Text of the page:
BIRTHDAY GIRL
(SINGLE)

 


feed the birds poisoned bread
in the square beneath my place of birth
people die, so will i
cut and dried and empty and quite alone


TWO TRACK 7" ON ROUGH TRADE. CAT NO. RT185.
side a) Birthday Girl
side b) Harmony Time

THREE TRACK 12 INCH ON ROUGH TRADE. CAT NO. RTT185.
side a) Birthday Girl
side b) Harmony Time, Money For The Trams.


Released a couple of weeks before the launch of 'Clock Comes Down The Stairs', the single was far from successful. Even so, 'Birthday Girl' remains one of Microdisney's most well known records. A song about death that is not so much suicidal as angry. It always reminds me, with fondness, of Cathal Coughlan's disposition to inform his audiences 'I wish I was FUCKING DEAD'. (See 'Clock Comes Down The Stairs' for a longer review).

Click on the record to play
Birthday Girl in Realudio.



'Harmony Time' gets the award for the best Microdisney B-Side of all time. A wonderful song which, along with 'Birthday Girl', highlighted perfectly how Microdisney could play upbeat poppy songs without losing any of the message. Reflecting increasingly self-interested times, it bemoans the breakdown of community.

if you want luncheon in your lap
knife your neighbour in the back
if you don't do it somebody else will


There's bitterness too for the comfortable middle class, the people moralising about the lives of those hit by the very hardships that their middle class society had created.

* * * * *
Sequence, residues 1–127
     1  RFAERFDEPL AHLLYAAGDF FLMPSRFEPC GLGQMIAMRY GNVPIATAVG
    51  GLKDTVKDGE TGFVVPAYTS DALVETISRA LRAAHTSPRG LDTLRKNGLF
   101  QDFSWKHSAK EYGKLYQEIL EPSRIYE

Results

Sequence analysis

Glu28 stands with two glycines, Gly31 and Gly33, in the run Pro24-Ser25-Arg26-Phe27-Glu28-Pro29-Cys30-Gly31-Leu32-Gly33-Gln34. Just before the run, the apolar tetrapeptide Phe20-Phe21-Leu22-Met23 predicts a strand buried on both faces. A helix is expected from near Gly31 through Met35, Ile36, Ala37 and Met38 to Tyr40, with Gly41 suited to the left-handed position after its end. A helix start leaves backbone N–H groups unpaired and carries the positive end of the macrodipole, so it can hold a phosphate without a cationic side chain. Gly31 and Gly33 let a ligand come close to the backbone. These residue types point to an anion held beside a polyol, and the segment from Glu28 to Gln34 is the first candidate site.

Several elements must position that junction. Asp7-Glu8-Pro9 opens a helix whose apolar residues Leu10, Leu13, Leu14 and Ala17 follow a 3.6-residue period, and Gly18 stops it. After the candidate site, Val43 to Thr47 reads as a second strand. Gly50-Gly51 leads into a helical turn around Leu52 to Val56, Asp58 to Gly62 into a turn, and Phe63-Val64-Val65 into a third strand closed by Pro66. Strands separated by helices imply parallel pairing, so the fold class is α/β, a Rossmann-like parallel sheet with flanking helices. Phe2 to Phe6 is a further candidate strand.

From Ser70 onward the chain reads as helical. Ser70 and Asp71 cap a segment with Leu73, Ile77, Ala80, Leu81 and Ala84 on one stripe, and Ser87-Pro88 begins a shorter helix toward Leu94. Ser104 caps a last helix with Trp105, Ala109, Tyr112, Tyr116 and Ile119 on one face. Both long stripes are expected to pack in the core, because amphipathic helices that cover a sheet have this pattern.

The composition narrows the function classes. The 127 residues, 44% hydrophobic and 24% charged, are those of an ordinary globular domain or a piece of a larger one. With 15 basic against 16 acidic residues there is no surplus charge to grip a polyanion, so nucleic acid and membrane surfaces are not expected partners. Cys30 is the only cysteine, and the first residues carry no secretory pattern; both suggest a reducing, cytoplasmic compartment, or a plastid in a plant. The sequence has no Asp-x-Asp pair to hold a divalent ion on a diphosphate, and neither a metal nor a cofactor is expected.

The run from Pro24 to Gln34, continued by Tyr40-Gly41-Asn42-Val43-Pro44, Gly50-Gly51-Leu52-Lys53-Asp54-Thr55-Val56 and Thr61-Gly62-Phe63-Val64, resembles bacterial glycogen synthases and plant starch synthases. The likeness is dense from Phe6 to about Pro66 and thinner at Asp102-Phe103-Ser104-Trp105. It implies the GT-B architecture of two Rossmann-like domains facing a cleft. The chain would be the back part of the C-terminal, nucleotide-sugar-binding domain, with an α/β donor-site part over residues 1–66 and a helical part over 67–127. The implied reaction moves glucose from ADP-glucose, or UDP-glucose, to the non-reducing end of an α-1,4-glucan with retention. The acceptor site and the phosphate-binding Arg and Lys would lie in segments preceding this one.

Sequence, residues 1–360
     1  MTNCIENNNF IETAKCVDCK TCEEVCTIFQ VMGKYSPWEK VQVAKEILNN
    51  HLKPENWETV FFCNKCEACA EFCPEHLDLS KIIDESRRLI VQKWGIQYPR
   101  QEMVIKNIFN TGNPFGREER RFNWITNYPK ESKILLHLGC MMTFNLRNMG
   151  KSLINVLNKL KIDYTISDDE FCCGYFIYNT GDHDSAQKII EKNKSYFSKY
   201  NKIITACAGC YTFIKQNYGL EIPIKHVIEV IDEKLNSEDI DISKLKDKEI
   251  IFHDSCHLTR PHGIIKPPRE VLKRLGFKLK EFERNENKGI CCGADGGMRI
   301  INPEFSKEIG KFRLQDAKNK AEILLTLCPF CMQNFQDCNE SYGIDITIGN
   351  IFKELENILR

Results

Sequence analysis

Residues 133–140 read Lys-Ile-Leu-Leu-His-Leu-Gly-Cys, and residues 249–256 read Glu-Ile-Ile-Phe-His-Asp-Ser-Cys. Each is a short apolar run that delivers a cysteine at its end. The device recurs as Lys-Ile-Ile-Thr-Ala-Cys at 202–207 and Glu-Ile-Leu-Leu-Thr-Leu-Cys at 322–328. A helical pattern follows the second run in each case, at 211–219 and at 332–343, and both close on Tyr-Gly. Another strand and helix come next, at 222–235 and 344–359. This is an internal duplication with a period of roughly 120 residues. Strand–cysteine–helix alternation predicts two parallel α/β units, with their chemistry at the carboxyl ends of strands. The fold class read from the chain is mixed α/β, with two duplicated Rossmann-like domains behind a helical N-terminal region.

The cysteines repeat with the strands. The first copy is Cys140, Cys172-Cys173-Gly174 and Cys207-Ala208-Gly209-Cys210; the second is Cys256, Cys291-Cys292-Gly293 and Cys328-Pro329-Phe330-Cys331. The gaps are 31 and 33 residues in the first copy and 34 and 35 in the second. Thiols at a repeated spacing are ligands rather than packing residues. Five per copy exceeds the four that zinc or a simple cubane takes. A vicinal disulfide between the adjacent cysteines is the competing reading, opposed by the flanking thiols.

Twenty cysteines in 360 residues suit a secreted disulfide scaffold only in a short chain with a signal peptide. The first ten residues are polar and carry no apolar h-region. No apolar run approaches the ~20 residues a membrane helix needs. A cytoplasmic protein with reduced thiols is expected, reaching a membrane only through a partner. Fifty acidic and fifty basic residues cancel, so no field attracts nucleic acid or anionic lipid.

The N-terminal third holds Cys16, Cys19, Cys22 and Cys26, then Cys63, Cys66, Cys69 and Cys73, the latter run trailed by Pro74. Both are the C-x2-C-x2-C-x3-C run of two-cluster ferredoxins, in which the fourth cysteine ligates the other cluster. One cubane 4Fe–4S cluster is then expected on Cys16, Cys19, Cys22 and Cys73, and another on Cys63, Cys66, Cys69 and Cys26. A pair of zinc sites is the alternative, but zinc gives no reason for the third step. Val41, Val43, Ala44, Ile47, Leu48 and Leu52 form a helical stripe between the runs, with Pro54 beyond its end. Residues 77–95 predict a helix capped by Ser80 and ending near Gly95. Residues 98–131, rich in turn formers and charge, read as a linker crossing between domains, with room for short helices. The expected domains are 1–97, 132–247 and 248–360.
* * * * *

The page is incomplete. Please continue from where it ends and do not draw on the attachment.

i pay my debts every one
i don't take drugs and i don't get drunk


You can see an appallingly bad Realaudio video of 'Harmony Time' here taken from a live concert. Blame the software, blame the original recording, blame the video player, but don't blame me.

'Money For The Trams', by contrast to the other two songs, provides a similar style ending as '464' on the previous single. It may make the point that Microdisney are not just a pop band, and it shows their need to highlight their anger, to not be misunderstood. As a song though it has very little value consisting mainly of disjointed noise.

'Harmony Time', unavailable elsewhere, makes this a compulsory purchase as does the sentimental need to own a song like 'Birthday Girl' in it's own sleeve.


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